“We talked about it. Everybody going home and playing for their respective cities,” Lawson said. “It would be cool, especially playing with the people you grew up with. I grew up with KD. It would be fun to play with them on one team.”

Lawson is not likely bound for the Wizards when his contract is up in two years, Washington is pretty set at point guard with John Wall.

Wizards fans who are Comcast Sportsnet Washington subscribers, you can watch a live stream of the Washington vs. Oklahoma City game Friday night by following this link.

Durant, on the other hand, would fit in very well. Of course, he’d fit well on 29 other NBA teams as well. Should Durant decide to really test the waters come the summer of 2016 teams from Los Angeles to New York and every stop in between would try to court him.

After seeing him answer questions about 2016 when he was with Team USA this summer in Las Vegas (before he dropped out of the World Championships) I don’t believe Durant has any idea yet what he will do in two summers. I would bet that Oklahoma City has the best chance of retaining his services.

After that, the Wizards would certainly be in the mix. But two summers is two lifetimes in the NBA and what Durant will want to do remains unpredictable.

Report: LeBron James didn’t buy into Erik Spoelstra until well into second season with Heat

41 Comments

It’s no secret LeBron James and Erik Spoelstra were not on the same page their first season with the Heat.

Miami started 9-8, and reports swirled about friction between Spoelstra and the players. LeBron bumped Spoelstra while returning to the bench during a timeout, and speculation reached fever pitch.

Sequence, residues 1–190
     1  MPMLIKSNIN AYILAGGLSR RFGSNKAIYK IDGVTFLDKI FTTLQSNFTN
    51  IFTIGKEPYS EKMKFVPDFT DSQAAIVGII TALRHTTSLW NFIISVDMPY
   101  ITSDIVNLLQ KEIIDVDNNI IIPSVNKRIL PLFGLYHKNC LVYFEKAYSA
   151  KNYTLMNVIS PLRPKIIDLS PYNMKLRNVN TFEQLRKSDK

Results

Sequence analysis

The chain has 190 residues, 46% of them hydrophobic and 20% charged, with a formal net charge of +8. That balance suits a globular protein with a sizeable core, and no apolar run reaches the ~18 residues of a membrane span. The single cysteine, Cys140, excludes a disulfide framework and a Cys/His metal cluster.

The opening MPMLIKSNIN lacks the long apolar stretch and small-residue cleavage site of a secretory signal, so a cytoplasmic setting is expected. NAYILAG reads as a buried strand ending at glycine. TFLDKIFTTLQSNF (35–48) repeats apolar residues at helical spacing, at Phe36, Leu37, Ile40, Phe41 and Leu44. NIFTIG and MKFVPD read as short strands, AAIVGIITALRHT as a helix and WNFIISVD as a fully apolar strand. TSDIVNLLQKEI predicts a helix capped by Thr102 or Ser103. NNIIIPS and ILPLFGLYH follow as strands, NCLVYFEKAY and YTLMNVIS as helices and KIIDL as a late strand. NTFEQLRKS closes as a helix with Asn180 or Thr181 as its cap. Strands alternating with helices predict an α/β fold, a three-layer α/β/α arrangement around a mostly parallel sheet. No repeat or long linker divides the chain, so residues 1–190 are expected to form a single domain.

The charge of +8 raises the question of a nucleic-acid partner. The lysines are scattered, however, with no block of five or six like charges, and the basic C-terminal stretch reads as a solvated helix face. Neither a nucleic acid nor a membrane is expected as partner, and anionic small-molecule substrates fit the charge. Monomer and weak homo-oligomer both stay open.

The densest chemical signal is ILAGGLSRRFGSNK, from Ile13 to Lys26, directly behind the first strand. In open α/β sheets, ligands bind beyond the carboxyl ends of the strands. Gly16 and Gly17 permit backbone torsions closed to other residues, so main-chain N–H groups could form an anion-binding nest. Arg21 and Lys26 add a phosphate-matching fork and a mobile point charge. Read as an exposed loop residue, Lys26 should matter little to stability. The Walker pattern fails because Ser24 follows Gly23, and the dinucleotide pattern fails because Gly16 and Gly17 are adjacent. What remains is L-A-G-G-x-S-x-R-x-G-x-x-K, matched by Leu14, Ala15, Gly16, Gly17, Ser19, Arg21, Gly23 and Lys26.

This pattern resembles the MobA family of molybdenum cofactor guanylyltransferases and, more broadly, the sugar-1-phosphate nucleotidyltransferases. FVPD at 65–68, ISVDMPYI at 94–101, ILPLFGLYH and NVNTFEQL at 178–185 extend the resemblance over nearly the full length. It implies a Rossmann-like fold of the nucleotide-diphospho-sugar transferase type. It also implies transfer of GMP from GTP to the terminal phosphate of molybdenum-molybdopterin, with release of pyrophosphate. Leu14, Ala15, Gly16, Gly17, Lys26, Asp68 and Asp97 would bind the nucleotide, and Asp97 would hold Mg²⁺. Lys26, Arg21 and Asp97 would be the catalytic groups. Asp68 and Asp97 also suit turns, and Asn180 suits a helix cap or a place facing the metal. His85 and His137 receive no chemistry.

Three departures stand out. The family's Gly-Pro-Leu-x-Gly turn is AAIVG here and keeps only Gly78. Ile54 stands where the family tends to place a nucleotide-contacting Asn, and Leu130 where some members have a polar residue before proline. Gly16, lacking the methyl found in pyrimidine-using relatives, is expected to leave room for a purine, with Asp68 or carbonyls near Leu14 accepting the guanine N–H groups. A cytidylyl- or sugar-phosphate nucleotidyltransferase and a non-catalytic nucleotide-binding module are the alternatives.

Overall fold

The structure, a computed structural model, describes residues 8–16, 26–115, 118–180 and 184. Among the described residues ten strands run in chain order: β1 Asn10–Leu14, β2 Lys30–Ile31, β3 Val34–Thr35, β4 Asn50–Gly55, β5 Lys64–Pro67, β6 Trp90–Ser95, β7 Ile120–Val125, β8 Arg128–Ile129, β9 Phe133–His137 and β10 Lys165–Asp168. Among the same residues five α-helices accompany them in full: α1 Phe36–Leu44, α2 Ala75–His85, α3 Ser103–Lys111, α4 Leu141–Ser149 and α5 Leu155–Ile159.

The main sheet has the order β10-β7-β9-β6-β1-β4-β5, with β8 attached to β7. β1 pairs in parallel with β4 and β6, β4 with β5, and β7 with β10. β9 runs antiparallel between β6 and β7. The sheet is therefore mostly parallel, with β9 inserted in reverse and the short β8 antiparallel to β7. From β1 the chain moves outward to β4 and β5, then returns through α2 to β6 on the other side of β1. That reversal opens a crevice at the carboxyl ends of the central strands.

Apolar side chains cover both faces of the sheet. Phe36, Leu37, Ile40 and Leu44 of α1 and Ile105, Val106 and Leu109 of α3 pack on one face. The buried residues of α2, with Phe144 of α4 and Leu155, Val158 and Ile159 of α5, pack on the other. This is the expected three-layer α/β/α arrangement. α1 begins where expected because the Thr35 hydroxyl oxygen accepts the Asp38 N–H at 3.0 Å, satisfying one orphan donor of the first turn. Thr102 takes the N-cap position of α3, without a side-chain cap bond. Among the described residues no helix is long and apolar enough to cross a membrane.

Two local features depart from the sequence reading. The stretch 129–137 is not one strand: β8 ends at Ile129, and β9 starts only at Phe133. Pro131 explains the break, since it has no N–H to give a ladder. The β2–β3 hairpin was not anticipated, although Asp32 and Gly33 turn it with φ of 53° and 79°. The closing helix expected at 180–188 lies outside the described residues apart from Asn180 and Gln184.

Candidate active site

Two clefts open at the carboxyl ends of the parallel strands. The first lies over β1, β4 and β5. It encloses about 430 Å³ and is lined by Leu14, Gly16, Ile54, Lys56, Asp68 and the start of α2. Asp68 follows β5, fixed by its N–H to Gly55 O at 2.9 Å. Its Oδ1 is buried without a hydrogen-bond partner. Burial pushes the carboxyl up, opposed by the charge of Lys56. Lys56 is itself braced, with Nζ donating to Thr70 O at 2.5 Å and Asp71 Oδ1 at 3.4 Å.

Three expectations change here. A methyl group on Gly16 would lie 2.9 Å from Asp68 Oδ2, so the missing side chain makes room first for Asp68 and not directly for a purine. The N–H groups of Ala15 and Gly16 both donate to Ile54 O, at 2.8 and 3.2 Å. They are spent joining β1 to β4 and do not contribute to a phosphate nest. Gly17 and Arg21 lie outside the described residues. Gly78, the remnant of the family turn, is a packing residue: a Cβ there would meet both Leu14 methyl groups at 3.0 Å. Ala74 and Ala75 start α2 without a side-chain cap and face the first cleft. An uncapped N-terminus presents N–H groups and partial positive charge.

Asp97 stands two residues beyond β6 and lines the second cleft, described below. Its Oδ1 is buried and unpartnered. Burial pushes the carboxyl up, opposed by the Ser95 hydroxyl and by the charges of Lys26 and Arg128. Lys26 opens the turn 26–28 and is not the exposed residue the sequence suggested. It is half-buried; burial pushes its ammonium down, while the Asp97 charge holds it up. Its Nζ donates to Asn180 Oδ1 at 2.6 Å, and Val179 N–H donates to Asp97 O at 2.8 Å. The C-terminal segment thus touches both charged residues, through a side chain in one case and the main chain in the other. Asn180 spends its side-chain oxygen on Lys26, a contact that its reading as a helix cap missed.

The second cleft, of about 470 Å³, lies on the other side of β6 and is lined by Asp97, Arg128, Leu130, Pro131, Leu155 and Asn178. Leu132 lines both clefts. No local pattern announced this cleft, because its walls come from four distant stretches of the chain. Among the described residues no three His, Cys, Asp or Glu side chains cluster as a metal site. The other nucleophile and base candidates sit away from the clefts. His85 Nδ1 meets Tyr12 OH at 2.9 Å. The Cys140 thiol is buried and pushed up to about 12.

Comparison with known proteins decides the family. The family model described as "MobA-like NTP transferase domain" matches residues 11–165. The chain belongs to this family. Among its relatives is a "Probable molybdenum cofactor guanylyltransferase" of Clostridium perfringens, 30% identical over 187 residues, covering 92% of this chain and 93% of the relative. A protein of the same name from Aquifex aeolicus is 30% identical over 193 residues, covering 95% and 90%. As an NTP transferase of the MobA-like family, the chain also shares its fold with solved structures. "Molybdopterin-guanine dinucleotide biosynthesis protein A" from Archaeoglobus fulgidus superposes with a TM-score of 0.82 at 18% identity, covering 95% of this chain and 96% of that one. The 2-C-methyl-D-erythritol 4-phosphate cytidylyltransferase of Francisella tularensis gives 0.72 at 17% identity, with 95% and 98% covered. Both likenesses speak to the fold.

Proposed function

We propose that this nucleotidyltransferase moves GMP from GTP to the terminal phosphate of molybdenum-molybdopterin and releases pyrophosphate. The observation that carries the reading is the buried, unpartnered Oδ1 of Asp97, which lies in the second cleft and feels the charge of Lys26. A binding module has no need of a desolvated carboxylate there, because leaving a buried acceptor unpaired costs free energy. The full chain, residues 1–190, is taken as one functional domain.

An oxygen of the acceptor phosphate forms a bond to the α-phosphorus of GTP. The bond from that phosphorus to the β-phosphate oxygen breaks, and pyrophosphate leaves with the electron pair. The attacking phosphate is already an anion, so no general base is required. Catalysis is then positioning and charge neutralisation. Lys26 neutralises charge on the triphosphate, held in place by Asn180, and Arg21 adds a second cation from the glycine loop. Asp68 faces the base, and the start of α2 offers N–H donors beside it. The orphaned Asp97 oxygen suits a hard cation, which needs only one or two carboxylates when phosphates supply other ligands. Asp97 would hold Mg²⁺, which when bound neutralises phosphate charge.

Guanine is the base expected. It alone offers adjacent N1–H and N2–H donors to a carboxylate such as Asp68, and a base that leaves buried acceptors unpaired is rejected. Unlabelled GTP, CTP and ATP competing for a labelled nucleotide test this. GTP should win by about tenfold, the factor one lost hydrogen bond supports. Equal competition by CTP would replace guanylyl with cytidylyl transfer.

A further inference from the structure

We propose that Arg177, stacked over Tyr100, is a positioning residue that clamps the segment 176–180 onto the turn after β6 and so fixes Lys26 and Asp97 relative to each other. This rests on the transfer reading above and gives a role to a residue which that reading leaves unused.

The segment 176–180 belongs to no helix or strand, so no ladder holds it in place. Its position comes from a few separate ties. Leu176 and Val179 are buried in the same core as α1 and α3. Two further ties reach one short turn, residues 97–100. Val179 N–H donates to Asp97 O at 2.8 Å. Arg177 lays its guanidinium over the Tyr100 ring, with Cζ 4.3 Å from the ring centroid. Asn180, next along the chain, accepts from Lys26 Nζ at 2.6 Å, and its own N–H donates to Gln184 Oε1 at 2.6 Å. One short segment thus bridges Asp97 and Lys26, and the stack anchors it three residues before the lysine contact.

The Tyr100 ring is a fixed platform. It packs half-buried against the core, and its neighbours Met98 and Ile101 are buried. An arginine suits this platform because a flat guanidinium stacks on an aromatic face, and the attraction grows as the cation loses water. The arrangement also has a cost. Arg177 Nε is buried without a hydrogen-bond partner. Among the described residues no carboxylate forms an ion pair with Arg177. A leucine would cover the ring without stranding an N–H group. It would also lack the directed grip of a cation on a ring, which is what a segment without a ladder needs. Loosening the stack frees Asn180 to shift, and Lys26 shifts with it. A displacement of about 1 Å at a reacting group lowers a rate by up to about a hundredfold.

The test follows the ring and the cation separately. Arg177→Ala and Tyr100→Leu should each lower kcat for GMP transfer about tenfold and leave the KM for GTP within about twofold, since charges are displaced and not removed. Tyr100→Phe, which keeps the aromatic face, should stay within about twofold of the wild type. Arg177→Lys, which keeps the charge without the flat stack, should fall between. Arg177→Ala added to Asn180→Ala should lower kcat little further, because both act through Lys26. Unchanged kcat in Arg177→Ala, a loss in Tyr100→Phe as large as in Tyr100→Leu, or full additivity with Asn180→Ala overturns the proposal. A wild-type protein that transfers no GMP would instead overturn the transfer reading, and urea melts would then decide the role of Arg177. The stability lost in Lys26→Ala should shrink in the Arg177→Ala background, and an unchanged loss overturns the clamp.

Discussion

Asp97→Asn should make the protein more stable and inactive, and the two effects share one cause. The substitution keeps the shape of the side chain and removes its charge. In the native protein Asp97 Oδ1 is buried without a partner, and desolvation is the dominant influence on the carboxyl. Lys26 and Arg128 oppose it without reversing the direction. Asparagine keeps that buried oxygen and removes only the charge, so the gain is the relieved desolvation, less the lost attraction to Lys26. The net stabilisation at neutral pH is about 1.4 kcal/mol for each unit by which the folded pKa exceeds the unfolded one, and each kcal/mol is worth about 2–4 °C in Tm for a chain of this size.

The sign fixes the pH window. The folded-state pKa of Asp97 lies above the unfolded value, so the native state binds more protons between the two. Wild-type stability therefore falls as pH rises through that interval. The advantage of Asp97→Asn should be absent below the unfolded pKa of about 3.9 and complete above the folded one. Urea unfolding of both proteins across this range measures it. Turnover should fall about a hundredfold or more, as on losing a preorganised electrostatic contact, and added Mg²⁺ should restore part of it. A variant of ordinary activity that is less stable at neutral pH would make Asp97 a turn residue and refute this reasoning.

It seemed Spoelstra might not make it through his first season coaching LeBron.

Sound familiar?

Cavaliers coach David Blatt is dealing with those same type of reports. He’s even getting near-identical quotes from LeBron about the star’s support.

LeBron on Spoelstra in 2010: “This is who we have.”

LeBron on Blatt in 2014: “What other coach do we have?

But LeBron and Spoelstra made it through a rough start and won two championships together. By the time they reached the 2011 NBA Finals, they were all good, right?

Ethan Skolnick of Bleacher Report:

It took awhile—Heat insiders will say that it took well into the 2011-12 season—but eventually James gained enough confidence in Spoelstra not only to allow Spoelstra to completely coach him, but to start parroting some of Spoelstra’s principles, from a leadership position, to the rest of the team.

If it took well more than a season – with Pat Riley standing up to LeBron in Spoelstra’s defense and Spoelstra proving himself a good coach – for LeBron to come around to Spoelstra, what chance does Blatt have?

There’s no Riley in Cleveland to defend the coach. LeBron wields more power with the Cavaliers than he did in Miami. Could you really see Dan Gilbert standing up to LeBron about supporting Blatt?

And, more importantly, Blatt has not proven himself a good coach. Maybe that’s an unfair expectation for an NBA rookie who’s suddenly coaching a team in the spotlight, one that has a unique collection of stars though not enough fitting role players to produce even a starting shooting guard. But his grace period to learn the ropes won’t last much longer.

LeBron is more mature now, and I’d bet Riley’s insistence on sticking with Spoelstra four years ago taught LeBron something about patience. That lesson likely gets Blatt a longer leash.

But if this provides any perspective on how difficult it is for a coach to gain LeBron’s support, Blatt has a tougher task ahead than we realized.